vSphere - copy virtual machine to external usb hard drive

Solution 1:

As ewwhite says in his comment, this is harder than it should be and is nigh-on impossible without doing a lot of advanced configuration.

This is mainly due to the fact that the underlying operating system behind vSphere (I believe it's loosely based on Red Hat Linux, but don't hold me to that!) was never designed to be a fully-featured OS - that's why it's defined as a hypervisor.

One option would be to get your hands dirty and poke around the ESXi console. You'd need to detect (try fdisk -l as a starting point) and mount the device. I'm unsure if you could even mount it, given that ESXi may not know how to handle FAT32/exFAT filesystems (I think it uses ext3 or ext4 under the hood but don't have a system to hand to check).

Failing that, you can use USB passthrough to assign the attached USB device to a Windows VM, then use the vSphere Client from within that VM to save the directory to the USB device via the Datastore Browser.

VMware Docs:

  • Connect USB Devices to an ESXi Host
  • Connecting USB Devices to an ESXi Host
  • USB Configuration from an ESXi Host to a Virtual Machine

Solution 2:

This is possible in a round about way but requires a 2nd VM (or server).

  1. Mount the USB drive using USB passthrough to a 2nd VM on the same physical server.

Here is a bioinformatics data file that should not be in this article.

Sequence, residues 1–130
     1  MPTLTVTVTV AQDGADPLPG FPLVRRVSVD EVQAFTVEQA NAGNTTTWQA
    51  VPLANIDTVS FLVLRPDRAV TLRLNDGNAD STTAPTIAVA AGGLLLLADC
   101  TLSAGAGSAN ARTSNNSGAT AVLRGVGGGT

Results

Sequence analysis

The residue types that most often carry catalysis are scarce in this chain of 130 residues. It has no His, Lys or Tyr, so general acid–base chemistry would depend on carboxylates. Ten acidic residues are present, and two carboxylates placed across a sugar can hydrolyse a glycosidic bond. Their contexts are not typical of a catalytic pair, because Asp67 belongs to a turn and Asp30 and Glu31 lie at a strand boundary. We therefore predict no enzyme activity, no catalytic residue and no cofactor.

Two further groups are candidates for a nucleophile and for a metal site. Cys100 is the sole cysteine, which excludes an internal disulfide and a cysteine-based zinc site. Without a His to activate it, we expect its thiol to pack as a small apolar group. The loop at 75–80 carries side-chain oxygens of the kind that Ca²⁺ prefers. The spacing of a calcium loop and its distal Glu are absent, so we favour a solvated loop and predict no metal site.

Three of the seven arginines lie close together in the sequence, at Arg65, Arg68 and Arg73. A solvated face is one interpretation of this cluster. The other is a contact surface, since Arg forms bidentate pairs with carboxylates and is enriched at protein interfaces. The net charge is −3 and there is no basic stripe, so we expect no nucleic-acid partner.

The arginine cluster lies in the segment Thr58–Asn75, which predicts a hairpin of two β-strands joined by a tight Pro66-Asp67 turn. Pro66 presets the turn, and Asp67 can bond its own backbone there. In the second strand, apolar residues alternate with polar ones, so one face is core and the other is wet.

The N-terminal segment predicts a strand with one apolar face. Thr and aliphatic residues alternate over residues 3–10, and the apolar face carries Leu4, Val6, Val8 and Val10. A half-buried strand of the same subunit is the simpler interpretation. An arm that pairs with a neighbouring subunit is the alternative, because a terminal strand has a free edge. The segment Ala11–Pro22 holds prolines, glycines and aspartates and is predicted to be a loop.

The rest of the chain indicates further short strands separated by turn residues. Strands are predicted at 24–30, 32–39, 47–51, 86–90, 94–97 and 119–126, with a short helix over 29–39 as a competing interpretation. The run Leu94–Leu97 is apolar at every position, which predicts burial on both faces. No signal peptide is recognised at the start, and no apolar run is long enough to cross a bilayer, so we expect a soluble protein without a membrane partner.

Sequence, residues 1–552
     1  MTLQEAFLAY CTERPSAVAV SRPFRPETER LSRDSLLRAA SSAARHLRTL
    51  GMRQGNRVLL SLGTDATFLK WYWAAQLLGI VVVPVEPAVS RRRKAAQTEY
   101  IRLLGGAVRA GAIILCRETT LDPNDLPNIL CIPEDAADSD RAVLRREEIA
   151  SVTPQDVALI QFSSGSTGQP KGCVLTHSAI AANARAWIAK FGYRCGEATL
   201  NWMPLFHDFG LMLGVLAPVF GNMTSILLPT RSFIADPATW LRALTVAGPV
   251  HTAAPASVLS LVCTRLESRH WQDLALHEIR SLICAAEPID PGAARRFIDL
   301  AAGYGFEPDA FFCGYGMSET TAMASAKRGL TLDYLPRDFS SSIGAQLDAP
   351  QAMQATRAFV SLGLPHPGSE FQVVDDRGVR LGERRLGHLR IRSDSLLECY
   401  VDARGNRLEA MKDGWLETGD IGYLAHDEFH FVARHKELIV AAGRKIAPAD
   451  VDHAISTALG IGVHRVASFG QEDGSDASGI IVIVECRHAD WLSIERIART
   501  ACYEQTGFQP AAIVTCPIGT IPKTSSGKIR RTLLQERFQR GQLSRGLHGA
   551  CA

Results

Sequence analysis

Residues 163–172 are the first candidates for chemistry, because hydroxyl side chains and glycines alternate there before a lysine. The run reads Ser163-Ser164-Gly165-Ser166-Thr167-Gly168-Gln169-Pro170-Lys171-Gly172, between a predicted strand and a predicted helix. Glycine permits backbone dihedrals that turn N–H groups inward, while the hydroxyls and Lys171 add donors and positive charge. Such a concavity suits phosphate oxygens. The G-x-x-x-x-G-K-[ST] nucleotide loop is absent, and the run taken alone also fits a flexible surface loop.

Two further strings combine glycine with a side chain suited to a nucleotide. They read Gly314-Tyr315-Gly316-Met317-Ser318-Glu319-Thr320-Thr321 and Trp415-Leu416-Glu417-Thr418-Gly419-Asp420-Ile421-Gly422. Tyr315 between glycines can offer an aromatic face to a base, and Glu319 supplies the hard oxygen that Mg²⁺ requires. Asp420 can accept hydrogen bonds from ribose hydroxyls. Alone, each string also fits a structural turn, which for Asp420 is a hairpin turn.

2. Share the USB drive from this VM using NFS.
  3. Mount the NFS share from ESXi as network storage
  4. Copy the VM files across directly from one store to the other using vsphere client.

Using the vmxnet network driver in the 2nd VM this will max out most drives. Requires an NFS server but is much faster than using the vsphere client download option and allows you to keep thin provisioned files.

Solution 3:

As the others have said, having the thumb drive connected to your ESX host isn't going to be very helpful. However, you can copy files to another host on the network using scp (or the Windows equivalent). For a while, I was backing up my VM files using pscp, which you can get from the PuTTY download page. Specifically, I was using this command, run on a Windows server:

pscp -C -v -r -pw <password> [email protected]:/vmfs/volumes/datastore D:\localpath

This would recursively copy everything from a certain datastore to my local file system. The -C switch enables compression, which is very helpful when copying thin-provisioned vmdk files.

Be aware, however, that if you do have thin-provisioned vmdk files, they will become "inflated" when copied to your local storage (or anywhere off the datastore).